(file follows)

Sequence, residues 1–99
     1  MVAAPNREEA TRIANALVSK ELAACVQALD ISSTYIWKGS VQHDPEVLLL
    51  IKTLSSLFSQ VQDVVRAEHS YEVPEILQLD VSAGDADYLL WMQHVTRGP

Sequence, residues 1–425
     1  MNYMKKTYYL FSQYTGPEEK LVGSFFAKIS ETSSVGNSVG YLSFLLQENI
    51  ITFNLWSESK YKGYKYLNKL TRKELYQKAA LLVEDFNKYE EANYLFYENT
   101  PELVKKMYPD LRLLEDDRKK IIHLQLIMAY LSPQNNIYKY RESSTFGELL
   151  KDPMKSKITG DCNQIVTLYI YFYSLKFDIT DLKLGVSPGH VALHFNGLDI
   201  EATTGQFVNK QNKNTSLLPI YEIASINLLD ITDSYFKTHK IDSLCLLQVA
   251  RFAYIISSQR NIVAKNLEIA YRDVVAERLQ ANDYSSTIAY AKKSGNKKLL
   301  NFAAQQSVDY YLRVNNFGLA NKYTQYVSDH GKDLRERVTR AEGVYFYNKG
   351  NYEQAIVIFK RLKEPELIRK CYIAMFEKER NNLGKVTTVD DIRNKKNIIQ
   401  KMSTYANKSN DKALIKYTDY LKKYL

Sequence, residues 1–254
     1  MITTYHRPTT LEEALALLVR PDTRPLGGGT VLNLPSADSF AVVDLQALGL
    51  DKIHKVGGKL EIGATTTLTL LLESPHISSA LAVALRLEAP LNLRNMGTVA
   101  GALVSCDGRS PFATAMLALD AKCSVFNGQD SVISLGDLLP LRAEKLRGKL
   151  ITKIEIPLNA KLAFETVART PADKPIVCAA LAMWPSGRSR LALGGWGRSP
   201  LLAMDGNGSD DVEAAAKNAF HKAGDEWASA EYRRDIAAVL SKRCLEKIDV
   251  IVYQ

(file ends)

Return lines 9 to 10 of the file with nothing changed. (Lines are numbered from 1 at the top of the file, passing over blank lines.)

   201  EATTGQFVNK QNKNTSLLPI YEIASINLLD ITDSYFKTHK IDSLCLLQVA
   251  RFAYIISSQR NIVAKNLEIA YRDVVAERLQ ANDYSSTIAY AKKSGNKKLL